Throughout the 2011 college football season I will be providing initial impressions of prospects based on my research for the 2012 Rookie Scouting Portfolio. Here are three backs you’ll be hearing about this winter.
Arkansas RB Knile Davis: Watching Davis’ 26/139/0 Sugar Bowl performance, his agility was something that you might not notice at first glance. He consistently made the first defender miss and weaved through tight spaces in traffic as if he had not encountered a serious obstacle. Yet, Davis didn’t demonstrate any hard cuts in this game.
My greatest concern with Davis is his running style. The Razorback runner carries his pads over his feet and his head drops too early in the face of contact. It’s difficult for a runner to explode into contact and maintain balance to run through tackles when he’s running in this manner.
His nine first downs against the Buckeyes provides a little validation of what I saw from Davis: Arkansas’ offensive line did a nice job of opening creases and Davis demonstrated nice patience, especially on plays where the lanes don’t appear immediately. However for a back with his size (6’0″, 220 lbs.), he did not flash the power one would expect. In my estimation, Davis broke one tackle in this game and his running style was a significant reason.
Initial Takeaway: Davis will miss his junior year with a fractured ankle. He’ll need to demonstrate a full recovery and have a strong all-star performance after his senior year to be considered more than a second- or third-day selection. The reason is that Davis’ running style doesn’t endear him to breaking tackles at a level that will be even a step beyond Ohio State’s defensive prowess.
Oregon RB LaMichael James: There were elements of James’ game that wowed me in the BCS National Championship Game versus Auburn. Whether is is behind the line of scrimmage or in the open field, James as best-in-class vision. The aspect of his vision that was so impressive was his decisiveness.
It’s easy for a back with James’ agility to buy time with his skills to make defenders miss, but the Oregon back doesn’t go overboard with this aspect of his running style. At least in this game, James demonstrated the skill to get downhill quickly and use his agility with maturity and economy.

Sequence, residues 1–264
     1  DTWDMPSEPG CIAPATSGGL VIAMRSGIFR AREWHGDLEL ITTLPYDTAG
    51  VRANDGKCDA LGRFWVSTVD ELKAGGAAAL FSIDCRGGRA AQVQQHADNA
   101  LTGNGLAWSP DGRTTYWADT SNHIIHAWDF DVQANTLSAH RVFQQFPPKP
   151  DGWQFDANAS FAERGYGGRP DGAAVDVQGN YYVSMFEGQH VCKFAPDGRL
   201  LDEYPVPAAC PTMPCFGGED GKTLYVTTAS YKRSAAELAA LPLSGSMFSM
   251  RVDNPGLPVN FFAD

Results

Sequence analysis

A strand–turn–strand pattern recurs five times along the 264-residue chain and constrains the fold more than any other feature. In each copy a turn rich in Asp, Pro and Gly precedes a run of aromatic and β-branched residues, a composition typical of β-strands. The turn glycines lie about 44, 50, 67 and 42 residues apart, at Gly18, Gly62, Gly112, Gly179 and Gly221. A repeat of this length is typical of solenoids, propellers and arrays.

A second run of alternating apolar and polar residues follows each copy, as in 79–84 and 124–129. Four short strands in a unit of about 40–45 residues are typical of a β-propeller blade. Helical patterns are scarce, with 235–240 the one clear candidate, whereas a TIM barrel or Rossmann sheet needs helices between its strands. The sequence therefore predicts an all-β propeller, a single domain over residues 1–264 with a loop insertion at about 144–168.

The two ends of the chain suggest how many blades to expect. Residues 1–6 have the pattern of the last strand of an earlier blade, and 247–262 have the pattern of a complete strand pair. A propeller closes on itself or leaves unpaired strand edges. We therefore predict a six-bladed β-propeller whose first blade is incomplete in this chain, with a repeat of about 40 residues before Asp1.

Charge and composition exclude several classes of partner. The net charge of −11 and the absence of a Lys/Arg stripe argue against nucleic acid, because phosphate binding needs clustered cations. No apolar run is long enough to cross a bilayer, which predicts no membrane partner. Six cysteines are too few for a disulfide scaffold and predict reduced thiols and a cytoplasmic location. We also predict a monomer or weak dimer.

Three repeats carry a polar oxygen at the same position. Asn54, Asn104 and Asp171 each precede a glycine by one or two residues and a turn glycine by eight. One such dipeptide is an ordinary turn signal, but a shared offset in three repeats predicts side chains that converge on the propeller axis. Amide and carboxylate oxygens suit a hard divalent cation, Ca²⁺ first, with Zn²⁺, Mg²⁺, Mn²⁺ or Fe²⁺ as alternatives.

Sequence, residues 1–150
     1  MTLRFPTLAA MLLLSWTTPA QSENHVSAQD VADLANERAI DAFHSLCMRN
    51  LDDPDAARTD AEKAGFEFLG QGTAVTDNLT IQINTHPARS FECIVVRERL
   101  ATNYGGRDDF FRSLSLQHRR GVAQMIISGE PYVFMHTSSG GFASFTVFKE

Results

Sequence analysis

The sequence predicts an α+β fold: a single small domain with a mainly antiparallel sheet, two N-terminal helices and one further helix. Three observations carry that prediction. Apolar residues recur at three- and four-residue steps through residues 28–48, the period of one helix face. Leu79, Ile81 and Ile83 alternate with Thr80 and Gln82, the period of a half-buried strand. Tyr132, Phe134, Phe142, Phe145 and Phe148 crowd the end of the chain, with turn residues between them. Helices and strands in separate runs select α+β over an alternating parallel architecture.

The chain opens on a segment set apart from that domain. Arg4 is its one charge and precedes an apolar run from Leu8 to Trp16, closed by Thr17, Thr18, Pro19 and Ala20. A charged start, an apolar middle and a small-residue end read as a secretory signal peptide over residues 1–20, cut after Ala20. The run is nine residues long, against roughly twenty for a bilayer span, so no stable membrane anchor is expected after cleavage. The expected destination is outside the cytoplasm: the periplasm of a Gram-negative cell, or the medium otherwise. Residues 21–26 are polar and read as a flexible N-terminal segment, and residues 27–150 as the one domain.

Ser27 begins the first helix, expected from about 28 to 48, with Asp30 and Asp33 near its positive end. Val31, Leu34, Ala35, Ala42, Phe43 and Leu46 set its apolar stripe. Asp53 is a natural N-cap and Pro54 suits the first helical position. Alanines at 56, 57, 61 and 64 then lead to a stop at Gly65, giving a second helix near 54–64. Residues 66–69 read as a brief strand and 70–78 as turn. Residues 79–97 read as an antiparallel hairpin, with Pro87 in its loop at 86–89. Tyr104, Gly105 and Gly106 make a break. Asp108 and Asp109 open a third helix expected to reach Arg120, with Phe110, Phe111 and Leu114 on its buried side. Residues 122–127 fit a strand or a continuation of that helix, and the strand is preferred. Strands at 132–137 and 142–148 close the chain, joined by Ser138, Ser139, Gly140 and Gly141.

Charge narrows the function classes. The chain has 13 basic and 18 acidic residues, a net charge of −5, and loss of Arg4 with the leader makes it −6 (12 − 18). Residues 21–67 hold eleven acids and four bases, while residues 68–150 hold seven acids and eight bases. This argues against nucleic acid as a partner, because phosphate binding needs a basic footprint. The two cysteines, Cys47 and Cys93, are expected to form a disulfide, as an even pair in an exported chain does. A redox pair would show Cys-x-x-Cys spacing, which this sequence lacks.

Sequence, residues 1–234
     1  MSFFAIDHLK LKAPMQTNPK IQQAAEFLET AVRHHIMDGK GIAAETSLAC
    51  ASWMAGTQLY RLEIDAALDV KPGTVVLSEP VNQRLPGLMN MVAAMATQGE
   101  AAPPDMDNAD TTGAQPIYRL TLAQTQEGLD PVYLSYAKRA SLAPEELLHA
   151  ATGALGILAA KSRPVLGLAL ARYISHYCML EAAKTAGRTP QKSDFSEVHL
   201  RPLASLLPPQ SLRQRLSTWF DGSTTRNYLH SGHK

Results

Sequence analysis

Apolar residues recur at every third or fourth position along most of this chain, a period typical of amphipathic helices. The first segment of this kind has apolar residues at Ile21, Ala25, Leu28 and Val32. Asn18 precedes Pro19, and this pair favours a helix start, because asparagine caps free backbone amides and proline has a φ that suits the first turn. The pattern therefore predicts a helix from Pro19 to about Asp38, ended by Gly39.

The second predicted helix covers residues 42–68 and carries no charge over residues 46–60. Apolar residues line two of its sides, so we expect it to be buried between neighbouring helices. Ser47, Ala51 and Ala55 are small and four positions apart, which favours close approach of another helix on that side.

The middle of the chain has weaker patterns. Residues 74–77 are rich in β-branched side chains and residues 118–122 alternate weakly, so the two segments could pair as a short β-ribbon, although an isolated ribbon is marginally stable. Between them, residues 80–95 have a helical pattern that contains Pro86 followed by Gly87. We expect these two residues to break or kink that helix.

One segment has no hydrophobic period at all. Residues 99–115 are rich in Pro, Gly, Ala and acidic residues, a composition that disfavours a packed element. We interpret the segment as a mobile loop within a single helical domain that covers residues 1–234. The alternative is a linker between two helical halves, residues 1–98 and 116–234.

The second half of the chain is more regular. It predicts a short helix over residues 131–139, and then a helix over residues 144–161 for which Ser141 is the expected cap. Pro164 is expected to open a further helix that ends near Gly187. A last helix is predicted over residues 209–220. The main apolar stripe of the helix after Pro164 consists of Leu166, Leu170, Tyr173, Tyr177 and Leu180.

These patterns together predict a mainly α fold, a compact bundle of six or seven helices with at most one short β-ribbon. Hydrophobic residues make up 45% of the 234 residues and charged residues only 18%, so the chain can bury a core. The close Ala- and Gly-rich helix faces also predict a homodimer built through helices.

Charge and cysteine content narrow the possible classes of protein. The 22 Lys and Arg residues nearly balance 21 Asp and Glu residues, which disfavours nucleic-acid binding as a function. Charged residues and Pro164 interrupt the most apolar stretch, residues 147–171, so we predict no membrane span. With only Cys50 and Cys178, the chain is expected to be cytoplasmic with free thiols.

Initial Takeaway: I have no doubt James will be a dynamite change of pace runner and receiver, but the real question is whether this Pac-10 star has enough functional strength to warrant consideration as a 15-touch back. Most importantly, will he hold up in pass protection?
North Carolina RB Ryan Houston: At 6’2″, 240 lbs., Houston looks the part as a between the tackles grinder. Against the University of Pittsburgh he carried defenders and bounced off hits with his muscular base. He demonstrated good feet and as he got more carries he really got into a rhythm; pressing holes and even finding alternate cutback lanes that the play did not appear designed to go.
What is especially intriguing about Houston is how far he’s come as a football player since he arrived at Chapel Hill at an “Ironhead-like,” 273 pounds. Houston has unearthed a little more speed and burst after dropping the weight. With another year of conditioning and potential to start as a the lead back, his development is worth watching.
Initial Takeaway: I saw a back in Houston with qualities that remind me of a late-career Ricky Williams. He has power, quick feet, and a knack for finding creases at the line of scrimmage. The concern is whether Houston can maintain his conditioning and focus to maximize his potential.